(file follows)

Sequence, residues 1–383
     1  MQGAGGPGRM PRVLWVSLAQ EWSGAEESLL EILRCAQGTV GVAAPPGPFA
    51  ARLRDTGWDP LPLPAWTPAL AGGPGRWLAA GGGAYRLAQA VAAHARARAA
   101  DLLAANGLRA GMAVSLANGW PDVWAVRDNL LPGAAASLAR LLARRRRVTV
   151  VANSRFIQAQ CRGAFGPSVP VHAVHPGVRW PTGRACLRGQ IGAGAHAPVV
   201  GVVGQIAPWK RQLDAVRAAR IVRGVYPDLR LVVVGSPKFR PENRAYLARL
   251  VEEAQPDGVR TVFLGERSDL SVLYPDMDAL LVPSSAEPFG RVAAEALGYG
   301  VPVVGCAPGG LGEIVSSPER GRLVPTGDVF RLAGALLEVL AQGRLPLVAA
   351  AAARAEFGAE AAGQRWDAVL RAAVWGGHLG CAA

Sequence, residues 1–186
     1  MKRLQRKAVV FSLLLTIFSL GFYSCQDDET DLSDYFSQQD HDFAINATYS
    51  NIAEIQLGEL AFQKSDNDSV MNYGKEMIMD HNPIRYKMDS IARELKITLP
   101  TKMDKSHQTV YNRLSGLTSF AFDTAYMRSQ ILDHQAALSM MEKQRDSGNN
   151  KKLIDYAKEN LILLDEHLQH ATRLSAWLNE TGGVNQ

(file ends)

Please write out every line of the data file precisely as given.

Sequence, residues 1–383
     1  MQGAGGPGRM PRVLWVSLAQ EWSGAEESLL EILRCAQGTV GVAAPPGPFA
    51  ARLRDTGWDP LPLPAWTPAL AGGPGRWLAA GGGAYRLAQA VAAHARARAA
   101  DLLAANGLRA GMAVSLANGW PDVWAVRDNL LPGAAASLAR LLARRRRVTV
   151  VANSRFIQAQ CRGAFGPSVP VHAVHPGVRW PTGRACLRGQ IGAGAHAPVV
   201  GVVGQIAPWK RQLDAVRAAR IVRGVYPDLR LVVVGSPKFR PENRAYLARL
   251  VEEAQPDGVR TVFLGERSDL SVLYPDMDAL LVPSSAEPFG RVAAEALGYG
   301  VPVVGCAPGG LGEIVSSPER GRLVPTGDVF RLAGALLEVL AQGRLPLVAA
   351  AAARAEFGAE AAGQRWDAVL RAAVWGGHLG CAA

Sequence, residues 1–186
     1  MKRLQRKAVV FSLLLTIFSL GFYSCQDDET DLSDYFSQQD HDFAINATYS
    51  NIAEIQLGEL AFQKSDNDSV MNYGKEMIMD HNPIRYKMDS IARELKITLP
   101  TKMDKSHQTV YNRLSGLTSF AFDTAYMRSQ ILDHQAALSM MEKQRDSGNN
   151  KKLIDYAKEN LILLDEHLQH ATRLSAWLNE TGGVNQ